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June 1, 2020

Holy Sheet: Is This How They Sell Magazines Now?

Filed under: Business,Retail — Edgar (aka MrConsumer) @ 6:06 am

John G. wrote to Mouse Print* last week after buying a queen set of Better Homes and Gardens sheets at Walmart, which came with an unexpected surprise.

BHG Sheets

 

The package says that by buying this set of sheets you also get a one-year subscription to Better Homes and Gardens magazine. That’s a nice bonus. And this was inside the package:

Better Homes and Gardens offer card

The card explained that a one-year magazine subscription was included as a “thank you” for the purchase. So far, so good. But our consumer became disenchanted when he read the details shown in tiny print above:

*MOUSE PRINT:

“If you do not wish to receive a one-year subscription to Better Homes and Gardens (valued at $6) as part of your qualifying purchase, fill out the card, write “refund” and mail to BHG Refund…”

So while it first appeared to him that he was getting the magazine as a free bonus in this specially marked package, he says “reading the fine print on the enclosed postcard makes it clear that I’ve ALREADY PAID for the subscription!”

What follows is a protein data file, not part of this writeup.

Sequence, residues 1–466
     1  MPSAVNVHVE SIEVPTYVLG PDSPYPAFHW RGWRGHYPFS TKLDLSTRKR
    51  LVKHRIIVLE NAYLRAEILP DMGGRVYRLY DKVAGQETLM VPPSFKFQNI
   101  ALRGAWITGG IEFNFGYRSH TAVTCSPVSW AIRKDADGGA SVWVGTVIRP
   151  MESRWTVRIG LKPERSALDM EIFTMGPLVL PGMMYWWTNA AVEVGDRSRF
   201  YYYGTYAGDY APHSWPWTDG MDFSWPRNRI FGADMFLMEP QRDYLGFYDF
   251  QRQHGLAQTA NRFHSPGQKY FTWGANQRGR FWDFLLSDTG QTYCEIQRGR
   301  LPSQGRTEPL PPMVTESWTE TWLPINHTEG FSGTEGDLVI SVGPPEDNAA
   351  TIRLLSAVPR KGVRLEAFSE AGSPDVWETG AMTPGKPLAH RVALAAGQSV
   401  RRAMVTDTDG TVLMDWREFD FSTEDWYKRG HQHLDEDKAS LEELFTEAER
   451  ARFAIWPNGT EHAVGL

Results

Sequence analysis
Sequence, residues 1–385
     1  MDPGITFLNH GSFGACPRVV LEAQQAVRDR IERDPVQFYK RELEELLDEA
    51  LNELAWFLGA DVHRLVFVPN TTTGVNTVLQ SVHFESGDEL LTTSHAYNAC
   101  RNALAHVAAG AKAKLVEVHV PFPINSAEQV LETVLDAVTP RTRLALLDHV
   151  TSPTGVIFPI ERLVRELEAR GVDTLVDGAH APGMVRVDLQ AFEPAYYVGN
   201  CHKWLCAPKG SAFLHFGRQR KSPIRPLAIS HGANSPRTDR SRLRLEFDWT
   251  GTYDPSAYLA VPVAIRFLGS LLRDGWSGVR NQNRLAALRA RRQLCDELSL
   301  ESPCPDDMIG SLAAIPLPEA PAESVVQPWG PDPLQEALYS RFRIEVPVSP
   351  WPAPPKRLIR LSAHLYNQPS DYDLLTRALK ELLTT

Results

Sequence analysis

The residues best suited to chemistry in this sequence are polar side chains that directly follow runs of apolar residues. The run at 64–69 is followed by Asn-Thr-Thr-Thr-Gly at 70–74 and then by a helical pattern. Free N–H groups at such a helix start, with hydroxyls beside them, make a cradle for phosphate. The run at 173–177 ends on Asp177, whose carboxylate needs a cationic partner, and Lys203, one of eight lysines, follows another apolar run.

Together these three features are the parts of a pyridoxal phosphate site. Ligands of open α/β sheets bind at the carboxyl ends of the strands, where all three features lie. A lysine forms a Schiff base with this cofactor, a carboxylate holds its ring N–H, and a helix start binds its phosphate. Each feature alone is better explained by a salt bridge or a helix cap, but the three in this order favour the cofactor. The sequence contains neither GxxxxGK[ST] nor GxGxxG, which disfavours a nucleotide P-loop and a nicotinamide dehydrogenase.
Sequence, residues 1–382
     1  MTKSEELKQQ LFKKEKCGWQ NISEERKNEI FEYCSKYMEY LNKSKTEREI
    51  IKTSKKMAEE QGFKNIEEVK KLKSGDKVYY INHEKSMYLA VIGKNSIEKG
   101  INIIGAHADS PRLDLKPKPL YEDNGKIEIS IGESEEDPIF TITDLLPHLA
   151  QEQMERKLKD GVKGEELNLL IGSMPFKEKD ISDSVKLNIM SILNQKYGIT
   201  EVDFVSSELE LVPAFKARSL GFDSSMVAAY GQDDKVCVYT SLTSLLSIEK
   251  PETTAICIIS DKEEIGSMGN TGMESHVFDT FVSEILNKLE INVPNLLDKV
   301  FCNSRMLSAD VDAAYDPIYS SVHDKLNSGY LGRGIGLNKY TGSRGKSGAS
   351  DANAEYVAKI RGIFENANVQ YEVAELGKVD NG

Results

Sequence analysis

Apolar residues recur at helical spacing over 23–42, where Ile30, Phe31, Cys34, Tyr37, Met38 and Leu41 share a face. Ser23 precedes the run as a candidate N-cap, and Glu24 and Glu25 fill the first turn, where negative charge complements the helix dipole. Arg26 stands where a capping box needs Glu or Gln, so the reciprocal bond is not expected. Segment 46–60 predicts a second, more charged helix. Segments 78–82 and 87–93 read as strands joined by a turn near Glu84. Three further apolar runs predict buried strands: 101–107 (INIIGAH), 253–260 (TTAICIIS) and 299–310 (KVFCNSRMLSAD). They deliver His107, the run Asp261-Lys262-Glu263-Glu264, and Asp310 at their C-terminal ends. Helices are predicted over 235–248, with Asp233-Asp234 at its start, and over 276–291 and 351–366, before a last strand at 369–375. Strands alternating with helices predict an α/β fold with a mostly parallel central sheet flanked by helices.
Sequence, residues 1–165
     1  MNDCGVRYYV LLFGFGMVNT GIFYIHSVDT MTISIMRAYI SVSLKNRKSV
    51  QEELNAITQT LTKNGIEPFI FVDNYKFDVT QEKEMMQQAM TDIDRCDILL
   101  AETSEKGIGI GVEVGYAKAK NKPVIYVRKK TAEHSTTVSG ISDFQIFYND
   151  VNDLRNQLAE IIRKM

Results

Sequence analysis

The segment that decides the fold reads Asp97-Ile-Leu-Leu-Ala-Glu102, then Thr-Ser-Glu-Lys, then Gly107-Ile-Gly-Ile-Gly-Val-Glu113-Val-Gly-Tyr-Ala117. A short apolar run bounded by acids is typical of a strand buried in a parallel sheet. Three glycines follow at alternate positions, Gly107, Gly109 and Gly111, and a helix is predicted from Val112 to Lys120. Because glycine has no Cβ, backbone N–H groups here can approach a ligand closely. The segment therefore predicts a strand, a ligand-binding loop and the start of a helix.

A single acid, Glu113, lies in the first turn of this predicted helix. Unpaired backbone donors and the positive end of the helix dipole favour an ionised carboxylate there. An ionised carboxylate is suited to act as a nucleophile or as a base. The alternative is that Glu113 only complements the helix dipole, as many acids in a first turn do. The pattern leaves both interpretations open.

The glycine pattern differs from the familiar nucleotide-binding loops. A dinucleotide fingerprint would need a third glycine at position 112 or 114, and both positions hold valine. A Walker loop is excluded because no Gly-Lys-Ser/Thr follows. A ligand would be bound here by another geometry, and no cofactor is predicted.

And that is our opinion too. By definition, you are only offered a refund for something you have already paid for. So, it seems the cost of the magazine was embedded in the purchase price of the sheets.

We contacted the magazine’s publisher, Meredith Corp., and their vice president of corporate and brand communications provided the company’s position:

The subscription is a gift included with purchase with a stated value of $6.00. The cost of the sheets is independent of the fact that there is a gift subscription that comes with the purchase. The consumer does not pay $6.00 for the subscription (BH&G licensed products at Walmart are not marked-up to cover the subscription value of $6.00).

The company spokesperson went on to say that this promotion has been in use for over 10 years, it was approved by the entity best known for certifying that a publication’s circulation claims are accurate, and no consumer has ever complained.